Remember, too, that memos (like any other form of writing) should clearly convey the writer’s purpose and associate that purpose with the interests and/or needs of the recipient(s).Recommended for you: « 15 Names and Descriptions of Effects »
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3 Responses to “How to Write a Memo”
Party King Wes
I think that the generally reduced formality is work communications is a good thing. If nothing else, the contrast between an informal email reminder and a classically formatted memo – whether distributed physically or electronically – gives the writer an opportunity to send a signal to the reader about the comparative importance of the message. An email from the team leader might be construed as a suggestion, but there is no mistaking a hard and formal memo from management as anything but a command.
Note also that in some contexts, the memo is more than an email analogue. I practice law, and to me a memo might just mean a note to the file about the content of a phone call or the result of a brain storming session – but if I get instructed to write a legal memo, i’m actually getting instructed to write a non-argumentative paper on the law applied to a set of facts. It should be fully researched and cited. The difference between a memo and a brief is that memo is for me, other lawyers on my side, and possibly my client. It’s meant to be an objective assessment for the purpose choosing a fully informed strategy. A brief, by contrast, is an argumentative document submitted to a court. Like a formal legal memo, its fully researched, but the facts and law are presented in a manner calculated to persuade the decision maker to give the writer a desired result.
……..also forgot to say that memos often make reference to background materials that support or provide further information for the topic. The info can be an internet link(s) or hard copy attachment(s).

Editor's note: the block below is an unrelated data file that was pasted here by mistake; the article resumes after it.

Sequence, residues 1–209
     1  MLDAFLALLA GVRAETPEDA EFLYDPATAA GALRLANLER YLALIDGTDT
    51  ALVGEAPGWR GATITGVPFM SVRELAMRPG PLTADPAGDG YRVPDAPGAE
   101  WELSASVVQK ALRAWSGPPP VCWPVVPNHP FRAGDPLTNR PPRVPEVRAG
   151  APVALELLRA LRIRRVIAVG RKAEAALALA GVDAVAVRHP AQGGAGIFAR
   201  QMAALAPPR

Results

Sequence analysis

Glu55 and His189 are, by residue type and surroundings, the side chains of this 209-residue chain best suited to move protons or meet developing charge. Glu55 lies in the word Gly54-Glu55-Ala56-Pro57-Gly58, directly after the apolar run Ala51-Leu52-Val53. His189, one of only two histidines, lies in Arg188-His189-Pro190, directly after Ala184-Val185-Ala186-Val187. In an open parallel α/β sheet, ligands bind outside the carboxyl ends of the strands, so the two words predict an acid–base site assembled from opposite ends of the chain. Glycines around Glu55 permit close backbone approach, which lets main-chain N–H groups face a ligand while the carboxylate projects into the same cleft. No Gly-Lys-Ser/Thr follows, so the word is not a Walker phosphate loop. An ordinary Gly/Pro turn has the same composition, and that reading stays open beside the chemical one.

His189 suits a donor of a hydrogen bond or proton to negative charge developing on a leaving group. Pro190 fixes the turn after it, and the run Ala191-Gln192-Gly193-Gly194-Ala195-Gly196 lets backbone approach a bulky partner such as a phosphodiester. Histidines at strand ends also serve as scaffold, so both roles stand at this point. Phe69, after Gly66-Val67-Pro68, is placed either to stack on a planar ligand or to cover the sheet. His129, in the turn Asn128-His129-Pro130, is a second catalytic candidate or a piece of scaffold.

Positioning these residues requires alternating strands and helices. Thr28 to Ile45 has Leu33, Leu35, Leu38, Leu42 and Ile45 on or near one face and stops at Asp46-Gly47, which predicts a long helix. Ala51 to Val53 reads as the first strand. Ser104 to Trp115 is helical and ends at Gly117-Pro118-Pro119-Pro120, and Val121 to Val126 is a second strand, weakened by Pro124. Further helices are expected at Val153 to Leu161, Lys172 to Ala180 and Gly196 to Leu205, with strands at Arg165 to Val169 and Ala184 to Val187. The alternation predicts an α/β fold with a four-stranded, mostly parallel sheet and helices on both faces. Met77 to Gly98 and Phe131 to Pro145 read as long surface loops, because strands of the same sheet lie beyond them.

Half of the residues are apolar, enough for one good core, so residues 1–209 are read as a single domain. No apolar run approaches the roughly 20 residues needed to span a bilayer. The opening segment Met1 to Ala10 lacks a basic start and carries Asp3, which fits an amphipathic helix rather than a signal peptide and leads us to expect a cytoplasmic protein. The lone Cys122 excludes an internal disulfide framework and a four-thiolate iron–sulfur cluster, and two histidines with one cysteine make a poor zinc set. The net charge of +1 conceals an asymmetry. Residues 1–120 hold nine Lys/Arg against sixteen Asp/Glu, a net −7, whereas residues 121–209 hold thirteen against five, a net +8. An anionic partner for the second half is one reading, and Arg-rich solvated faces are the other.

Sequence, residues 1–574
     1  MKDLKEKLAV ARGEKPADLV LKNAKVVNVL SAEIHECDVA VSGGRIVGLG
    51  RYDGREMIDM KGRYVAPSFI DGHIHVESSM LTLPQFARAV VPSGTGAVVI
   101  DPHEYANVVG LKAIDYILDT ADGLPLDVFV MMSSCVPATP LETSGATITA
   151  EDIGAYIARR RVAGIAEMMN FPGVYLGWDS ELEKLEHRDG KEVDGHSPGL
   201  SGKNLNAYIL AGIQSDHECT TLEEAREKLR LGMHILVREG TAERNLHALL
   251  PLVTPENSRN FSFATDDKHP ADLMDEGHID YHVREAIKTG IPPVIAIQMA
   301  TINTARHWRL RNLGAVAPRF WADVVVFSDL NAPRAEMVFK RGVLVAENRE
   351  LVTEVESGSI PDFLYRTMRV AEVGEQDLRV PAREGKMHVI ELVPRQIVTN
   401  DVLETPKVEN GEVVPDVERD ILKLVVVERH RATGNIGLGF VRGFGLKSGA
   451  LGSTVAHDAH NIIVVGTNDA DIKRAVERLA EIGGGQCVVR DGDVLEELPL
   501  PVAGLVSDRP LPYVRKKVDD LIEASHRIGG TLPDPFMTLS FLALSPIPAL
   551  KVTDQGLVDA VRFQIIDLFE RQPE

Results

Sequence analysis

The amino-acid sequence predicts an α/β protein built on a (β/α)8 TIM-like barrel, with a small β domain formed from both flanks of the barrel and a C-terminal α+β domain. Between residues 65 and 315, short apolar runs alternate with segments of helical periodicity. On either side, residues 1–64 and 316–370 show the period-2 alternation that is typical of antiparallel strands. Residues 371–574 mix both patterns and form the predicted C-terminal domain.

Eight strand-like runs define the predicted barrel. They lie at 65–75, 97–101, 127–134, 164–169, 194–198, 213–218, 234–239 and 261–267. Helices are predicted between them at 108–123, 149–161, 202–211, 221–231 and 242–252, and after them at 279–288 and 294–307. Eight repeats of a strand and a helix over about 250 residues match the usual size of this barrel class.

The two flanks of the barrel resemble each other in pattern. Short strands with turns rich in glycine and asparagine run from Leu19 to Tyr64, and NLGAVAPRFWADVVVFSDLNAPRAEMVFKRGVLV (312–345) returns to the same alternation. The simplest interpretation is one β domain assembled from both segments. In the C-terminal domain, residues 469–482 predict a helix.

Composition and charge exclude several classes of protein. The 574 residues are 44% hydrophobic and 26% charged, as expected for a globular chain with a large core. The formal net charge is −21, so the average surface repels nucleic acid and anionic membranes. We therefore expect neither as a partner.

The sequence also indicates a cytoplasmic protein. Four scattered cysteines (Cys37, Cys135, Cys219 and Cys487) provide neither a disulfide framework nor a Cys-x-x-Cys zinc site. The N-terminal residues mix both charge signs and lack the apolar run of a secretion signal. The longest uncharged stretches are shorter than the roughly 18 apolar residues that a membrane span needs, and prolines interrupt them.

Useful information. In this day and age of email and texting, memos and staff reports are still the way businesses and governments formally distribute info, intitiate decisions, and keep records…….. even though most are prepared, shared, and stored in electronic form. I agree that memos generally are intended for a limited audience. However, memos are most frequently used to go on record (or CYA) about procedures, operations, events, and policy matters (adopted or under discusson) more than the use of email which still is considered less formal and more emphemeral.
In the “old days,” there always was a chance that sensitive or confidential information in printed form could get into the hands of adversaries. Also, it would have been easier to destroy all traces of printed info if need be. So, this article was a reminder that nowadays it is much riskier to convey sensitive info via a misdirected email, retrieval of cached documents, off-site data storage, hacking, theft, or confiscation of devices……and since the typwritten or handwritten note is a thing of the past, sensitive info always is at risk of ending up astray.